The elevator dings and the door opens. A brand new mom, straight from the delivery room and looking like she’s just been to war, approaches the front desk at the Neonatal Intensive Care Unit for the first time. Pushed in a wheelchair, because she isn’t able to walk yet, her body stretched and torn, bleeding and aching from her labor of love, that mama bear is already resolute. “I want to see my baby!” she states emphatically.
From the moment egg and sperm collide and the miracle of a developing life is underway, you start being brave. There is no other way than through it, and that mama who delivered a tiny person out of a tinier hole, she’s been through it. Now, instead of a picture perfect ending to the chapter entitled “birth”, she’s donning a mask and scrubbing up to her elbows to go visit her precious in an isolette. This wasn’t the plan. Not the machines, the procedures, the tubes or the temporary barrier to physical contact. It’s bravery upon bravery for this mama today.
And it never ends. They don’t tell you that from the start, or if they do, you don’t hear it. Maybe you can’t yet. But to be a mom, you have to be brave. Brave enough to act. To wait. To speak. To listen. To release. To trust. To hope. To believe. And to suffer.
At first you have to be brave enough to lay your beloved in their crib, in whatever position the current medical trend supports for minimizing the risk of SIDS.
You have to be brave the first time they take a wobbly step, tenuously descend the stairs, and cautiously cross the street.
You have to be brave for the bumps and bruises, the injuries, accidents and unexpected health crisis.
You have to be brave when they go to school.
When they get a phone.
When they learn to drive.
When they go on a date.
You have to be brave when there are tears because they weren’t picked, didn’t win, couldn’t pass.
When they tell you they are lonely, depressed, bullied, abused. And when they don’t but you know.
You have to be brave enough to discern when it’s time for an all play and when to be a spectator to the natural consequences of their choices.
And oh so many choices they will make like
If they will go to college and where,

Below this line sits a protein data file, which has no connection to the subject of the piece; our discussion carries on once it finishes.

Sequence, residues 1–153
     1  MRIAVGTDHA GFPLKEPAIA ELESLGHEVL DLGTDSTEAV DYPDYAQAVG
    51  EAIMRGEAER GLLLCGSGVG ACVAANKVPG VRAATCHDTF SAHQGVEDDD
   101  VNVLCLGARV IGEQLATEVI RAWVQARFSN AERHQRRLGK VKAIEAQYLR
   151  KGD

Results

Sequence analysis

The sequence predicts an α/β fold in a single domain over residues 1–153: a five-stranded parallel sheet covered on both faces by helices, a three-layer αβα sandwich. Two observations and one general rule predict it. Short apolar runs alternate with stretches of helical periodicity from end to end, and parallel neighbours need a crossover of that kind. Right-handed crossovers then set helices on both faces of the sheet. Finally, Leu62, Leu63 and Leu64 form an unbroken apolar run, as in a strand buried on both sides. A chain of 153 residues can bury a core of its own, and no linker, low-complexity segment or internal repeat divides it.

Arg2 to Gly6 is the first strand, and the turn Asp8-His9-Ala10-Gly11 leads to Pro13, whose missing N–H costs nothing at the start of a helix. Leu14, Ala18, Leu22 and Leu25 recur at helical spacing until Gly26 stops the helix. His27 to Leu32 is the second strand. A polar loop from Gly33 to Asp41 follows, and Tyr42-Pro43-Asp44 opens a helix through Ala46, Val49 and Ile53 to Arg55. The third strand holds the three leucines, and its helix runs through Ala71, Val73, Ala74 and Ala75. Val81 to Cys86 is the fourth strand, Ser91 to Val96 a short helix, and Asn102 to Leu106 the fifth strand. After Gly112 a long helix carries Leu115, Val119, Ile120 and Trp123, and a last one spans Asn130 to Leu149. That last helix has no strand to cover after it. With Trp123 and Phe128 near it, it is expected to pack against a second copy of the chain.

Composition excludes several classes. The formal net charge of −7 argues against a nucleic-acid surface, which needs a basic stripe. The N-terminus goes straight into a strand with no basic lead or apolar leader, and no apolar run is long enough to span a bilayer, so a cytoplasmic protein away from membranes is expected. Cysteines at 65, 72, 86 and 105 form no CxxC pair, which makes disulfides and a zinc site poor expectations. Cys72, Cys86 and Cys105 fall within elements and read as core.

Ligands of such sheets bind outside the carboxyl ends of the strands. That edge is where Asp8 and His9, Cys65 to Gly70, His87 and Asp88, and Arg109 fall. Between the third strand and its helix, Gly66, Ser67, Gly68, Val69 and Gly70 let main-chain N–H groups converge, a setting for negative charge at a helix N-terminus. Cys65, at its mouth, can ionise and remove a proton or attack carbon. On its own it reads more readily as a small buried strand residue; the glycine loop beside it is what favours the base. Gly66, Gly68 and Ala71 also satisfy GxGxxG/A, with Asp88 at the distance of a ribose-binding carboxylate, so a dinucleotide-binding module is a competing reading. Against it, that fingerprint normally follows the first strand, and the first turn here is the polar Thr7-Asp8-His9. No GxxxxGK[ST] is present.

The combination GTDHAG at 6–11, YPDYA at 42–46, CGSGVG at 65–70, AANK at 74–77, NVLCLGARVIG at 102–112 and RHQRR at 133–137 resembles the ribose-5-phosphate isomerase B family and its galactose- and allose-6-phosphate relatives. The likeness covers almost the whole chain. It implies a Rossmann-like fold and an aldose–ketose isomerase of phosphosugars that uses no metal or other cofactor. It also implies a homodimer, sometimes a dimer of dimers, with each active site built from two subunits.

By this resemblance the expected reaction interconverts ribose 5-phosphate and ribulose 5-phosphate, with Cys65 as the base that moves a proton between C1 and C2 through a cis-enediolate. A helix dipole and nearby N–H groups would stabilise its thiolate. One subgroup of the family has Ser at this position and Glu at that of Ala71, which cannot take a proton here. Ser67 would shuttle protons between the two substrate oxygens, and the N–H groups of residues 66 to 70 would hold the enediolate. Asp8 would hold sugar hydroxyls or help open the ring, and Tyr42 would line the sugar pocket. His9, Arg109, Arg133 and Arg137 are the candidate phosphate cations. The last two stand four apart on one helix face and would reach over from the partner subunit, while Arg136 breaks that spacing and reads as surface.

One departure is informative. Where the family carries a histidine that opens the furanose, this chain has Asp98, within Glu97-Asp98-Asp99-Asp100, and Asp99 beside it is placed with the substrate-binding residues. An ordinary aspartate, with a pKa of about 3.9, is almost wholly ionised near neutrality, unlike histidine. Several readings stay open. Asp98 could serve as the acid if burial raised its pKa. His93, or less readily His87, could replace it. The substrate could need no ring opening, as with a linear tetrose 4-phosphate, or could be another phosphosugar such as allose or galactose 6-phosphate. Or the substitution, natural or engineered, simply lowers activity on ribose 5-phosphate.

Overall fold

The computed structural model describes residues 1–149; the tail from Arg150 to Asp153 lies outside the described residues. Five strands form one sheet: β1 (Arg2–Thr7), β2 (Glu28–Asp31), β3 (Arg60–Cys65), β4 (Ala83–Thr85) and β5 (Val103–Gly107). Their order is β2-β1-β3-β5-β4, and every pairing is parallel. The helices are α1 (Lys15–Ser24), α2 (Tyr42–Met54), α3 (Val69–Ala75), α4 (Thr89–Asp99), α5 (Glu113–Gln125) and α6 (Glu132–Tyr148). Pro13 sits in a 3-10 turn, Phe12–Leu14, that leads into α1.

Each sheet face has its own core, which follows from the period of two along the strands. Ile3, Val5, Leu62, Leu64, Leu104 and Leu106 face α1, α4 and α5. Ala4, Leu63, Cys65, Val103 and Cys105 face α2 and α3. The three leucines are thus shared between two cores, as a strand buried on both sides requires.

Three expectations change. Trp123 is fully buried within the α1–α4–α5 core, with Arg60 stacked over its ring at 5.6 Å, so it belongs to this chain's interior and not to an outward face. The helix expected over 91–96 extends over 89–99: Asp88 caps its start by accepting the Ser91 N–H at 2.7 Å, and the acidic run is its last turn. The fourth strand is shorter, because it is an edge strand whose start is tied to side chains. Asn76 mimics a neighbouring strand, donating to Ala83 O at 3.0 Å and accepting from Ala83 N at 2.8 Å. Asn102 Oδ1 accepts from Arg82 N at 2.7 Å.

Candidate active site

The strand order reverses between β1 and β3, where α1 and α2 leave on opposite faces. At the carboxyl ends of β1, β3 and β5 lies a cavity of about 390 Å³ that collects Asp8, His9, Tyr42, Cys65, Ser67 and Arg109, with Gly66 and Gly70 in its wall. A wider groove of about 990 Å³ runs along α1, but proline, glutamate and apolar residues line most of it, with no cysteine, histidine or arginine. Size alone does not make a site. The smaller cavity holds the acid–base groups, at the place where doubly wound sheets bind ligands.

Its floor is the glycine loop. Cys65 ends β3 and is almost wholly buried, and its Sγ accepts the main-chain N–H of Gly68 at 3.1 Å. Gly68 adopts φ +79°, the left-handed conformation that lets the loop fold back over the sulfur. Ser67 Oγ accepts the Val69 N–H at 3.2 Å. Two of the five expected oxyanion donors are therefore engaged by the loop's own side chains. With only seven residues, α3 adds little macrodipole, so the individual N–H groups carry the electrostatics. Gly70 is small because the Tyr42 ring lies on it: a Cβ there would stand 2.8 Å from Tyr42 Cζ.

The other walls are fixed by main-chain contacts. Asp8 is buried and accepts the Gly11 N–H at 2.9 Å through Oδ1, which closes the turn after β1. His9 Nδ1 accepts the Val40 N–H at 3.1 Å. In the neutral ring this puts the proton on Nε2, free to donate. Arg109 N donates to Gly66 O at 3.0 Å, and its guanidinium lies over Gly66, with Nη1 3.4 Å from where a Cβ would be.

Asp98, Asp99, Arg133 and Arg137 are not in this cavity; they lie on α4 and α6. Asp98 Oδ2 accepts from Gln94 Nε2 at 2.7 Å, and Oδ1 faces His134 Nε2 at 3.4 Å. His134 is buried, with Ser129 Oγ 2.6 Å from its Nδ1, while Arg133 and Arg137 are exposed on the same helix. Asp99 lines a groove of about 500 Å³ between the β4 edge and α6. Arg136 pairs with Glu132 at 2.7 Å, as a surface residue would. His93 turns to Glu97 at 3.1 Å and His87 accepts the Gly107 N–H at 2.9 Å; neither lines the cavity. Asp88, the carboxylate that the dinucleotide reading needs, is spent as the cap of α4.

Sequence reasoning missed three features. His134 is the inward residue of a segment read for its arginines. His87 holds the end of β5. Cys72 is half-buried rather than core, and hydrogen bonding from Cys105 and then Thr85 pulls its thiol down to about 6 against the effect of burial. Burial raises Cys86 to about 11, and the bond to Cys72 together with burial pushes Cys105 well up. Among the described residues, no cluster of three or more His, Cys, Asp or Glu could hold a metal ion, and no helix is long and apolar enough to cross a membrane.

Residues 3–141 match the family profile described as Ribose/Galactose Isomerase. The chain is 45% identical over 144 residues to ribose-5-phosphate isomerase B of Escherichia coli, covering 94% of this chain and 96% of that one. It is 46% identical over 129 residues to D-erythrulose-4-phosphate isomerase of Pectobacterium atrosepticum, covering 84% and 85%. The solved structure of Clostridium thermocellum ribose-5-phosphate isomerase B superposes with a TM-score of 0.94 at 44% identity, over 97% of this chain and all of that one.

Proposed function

What they will do vocationally,
Where they will live,
Who they will marry,
If they will follow Jesus.
Like ours, some of their choices will work out better than you imagined and some will result in the most rigorous school of hard knocks.
It is a gift, those few decades a mama spends building bravery muscles. You need them when they grow up. That’s when you aren’t taking them on a vacation to the Grand Canyon and holding their hand on the trail anymore. Instead, they’re walking on the edge of so many precipices unaccompanied. Yeah, you’ve prepared them to take their own hike, to walk out their own stories, but you are keenly aware that the risks can be treacherous and missteps fatal—body, soul and spirit. You feel that gravity in ways your children simply cannot grasp— until they can. And that’s further down the road than I’ve been as a parent and took longer than I wish it had as a daughter..
But here’s the miracle— mostly they do survive and even thrive. And in your absence God companions them with tender compassion.
And, meanwhile, you just keep being brave.
You won’t do it perfectly—not even close. And they will judge you for it. They will forget what has been oh, so beautiful and remember what has been oh, so hard.
They will feel disappointed in you. At times, disdaining toward you. They will disregard you for newer, better heroes, who made their mistakes on another kid instead.
And then your bravery must greet humility with a holy kiss. You will be wise to own your mistakes, to welcome having your blind spots revealed, to recognizing your particular brand of sin, while simultaneously not being shamed by their whims, defined by their critiques, crushed because of their rejection.
Like the parent in the parable of the prodigal son, sometimes you have to participate in their folly and bless them on the path they choose to take. And, all the while you pray. Not the demanding prayers that tell God what to do but the groaning, trusting and hoping kind. And that is the most profound courage of all.
So, dear new mama, you have no idea how today changed everything for you but you were brave and you will keep being brave and every day of your life from this day forward will be a testament to your profound love and indomitable courage.
May God be with you, and with me, as we bravely write our family stories.